I’d been meaning to read this book for a very long time, after everyone said how amazing it was, but I always wondered how I would talke to it, not being a frequent memoir reader myself. I’ve always been somewhat interested in mental health, and reading about it and exploring other people’s lives who live with it makes me question my own.
Below is my review, plus a sneaky peak at the front cover and description and places to buy:
About The Book
What does it mean to feel truly alive?
This is the true story of how Matt Haig came through crisis, triumphed over a mental illness that almost destroyed him and learned to live again. Moving, funny and joyous, Reasons to Stay Alive is more than a memoir. It is a book about making the most of your time on earth.
Reasons to Stay Alive is a memoir exploring Haig’s journey through depression, anxiety and other mental health issues, and how he found certain aspects of life helped him through particularly difficult stages, and how tasks that may seem easy for people who don’t suffer from depression/anxiety, became more difficult as his illness developed. The reader is given a large insight into Haig’s personal life, which is explored through a series of life events, lists, quotes and advice. For anyone with mental health problems, this book is like a bible, and give hope that you are not alone in your illness, even though fit may seem like you are. For people interested in exploring their own mental health, this book can almost guide you through symptoms, daily life and what it is really like to live with severe clinical depression. It was extremely interesting to read how Haig has explored his own mind in-depth to understand his depression and know what particular things can trigger it, what can calm it, and what he can do to just block everything out.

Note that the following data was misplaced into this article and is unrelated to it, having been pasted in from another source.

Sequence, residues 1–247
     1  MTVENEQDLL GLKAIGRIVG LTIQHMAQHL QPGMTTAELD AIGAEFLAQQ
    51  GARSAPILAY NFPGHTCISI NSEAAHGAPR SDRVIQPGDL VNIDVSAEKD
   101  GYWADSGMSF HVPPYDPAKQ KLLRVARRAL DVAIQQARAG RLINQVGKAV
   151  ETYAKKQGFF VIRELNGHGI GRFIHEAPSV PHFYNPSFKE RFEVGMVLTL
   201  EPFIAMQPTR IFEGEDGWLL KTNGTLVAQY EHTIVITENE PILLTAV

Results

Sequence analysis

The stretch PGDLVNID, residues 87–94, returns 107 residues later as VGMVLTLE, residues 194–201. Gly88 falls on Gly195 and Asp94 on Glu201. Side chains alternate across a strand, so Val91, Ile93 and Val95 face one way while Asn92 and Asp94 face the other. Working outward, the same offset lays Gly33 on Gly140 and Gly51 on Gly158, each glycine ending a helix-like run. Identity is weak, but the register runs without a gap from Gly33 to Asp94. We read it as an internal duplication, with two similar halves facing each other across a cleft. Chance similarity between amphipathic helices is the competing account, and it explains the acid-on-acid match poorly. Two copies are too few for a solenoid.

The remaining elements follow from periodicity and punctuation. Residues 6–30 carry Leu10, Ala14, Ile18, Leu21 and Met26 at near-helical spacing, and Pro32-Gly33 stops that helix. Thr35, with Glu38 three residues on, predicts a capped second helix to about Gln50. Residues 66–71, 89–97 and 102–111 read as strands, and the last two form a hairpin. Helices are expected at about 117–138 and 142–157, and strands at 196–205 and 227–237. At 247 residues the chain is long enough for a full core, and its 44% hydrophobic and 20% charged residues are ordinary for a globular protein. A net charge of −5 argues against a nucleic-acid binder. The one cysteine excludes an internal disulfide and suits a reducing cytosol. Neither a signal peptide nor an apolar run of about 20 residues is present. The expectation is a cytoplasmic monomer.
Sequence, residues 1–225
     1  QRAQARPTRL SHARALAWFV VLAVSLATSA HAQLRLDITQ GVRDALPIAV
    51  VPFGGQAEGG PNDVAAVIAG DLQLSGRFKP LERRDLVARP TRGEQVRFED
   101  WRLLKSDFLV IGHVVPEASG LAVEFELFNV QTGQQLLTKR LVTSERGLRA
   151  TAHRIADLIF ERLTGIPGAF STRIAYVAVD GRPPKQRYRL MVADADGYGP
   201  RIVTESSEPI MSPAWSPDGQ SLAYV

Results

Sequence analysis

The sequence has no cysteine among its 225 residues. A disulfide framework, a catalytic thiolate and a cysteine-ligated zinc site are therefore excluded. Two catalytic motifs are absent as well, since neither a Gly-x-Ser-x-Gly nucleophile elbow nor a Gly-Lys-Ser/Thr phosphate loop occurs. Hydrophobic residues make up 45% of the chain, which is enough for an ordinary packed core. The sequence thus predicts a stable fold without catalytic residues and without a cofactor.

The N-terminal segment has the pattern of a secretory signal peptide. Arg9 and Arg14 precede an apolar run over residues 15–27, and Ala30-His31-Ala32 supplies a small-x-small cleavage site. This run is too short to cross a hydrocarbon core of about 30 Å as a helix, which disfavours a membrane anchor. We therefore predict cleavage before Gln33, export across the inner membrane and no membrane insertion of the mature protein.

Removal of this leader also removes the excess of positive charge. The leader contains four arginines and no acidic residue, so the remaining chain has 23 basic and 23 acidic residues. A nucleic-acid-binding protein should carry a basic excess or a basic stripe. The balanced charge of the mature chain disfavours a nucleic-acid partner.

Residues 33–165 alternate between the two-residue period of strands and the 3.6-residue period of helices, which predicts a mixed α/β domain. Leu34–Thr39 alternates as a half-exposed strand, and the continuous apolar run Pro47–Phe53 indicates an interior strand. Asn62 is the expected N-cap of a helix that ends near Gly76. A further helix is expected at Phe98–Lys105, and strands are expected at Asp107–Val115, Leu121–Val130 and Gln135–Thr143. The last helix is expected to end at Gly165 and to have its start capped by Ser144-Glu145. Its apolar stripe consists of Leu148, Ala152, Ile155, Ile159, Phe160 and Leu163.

In particular, I found the moments that I could connect to the most interesting, for various reasons. I understand that every case of mental illness is different, and, apart from having similar symptoms, no one can experience the same case of depression or anxiety or OCD, etc. It was intiguing to find some aspects of the book I felt were really true for me, and others that were quite personal, and very different to some of my experiences. The lists helped a lot with understanding the wider general depression and anxiety signs and symptoms in a way that they haven’t been taken from the NHS website, but written by someone who has ‘first hand experience’.
Aside from the fact this book was mainly about depression, there were parts that really made me giggle in a way that I completely understood what was being said; it was so relatable to the point that it was funny. The book is called ‘Reasons to Stay Alive, and among Haig’s exploration into his own mental health, it also provides immense help, and really does, within the content, give you reasons in life and in yourself, to stay alive.
The tunnel does have light at the end of it, even if you aren’t able to see it.- Matt Haig
I feel like anyone who picked this up would find something in it that they can relate to or find comfort in, although I do recommend it more for the slightly older reader, and especially those who know they are, or think they are, suffering with any kind of mental health issues, and also those with an interest in finding out more about what it’s really like to live with depression. If you feel like reading a book about depression that isn’t completely depressing, read this one!
My Rating: 5 Muffins out of 5
Where To Buy
If you like the sound of the book, here is where you can buy the book (including, but not limited to):
Cover photo and description taken from Goodreads (view book profile here)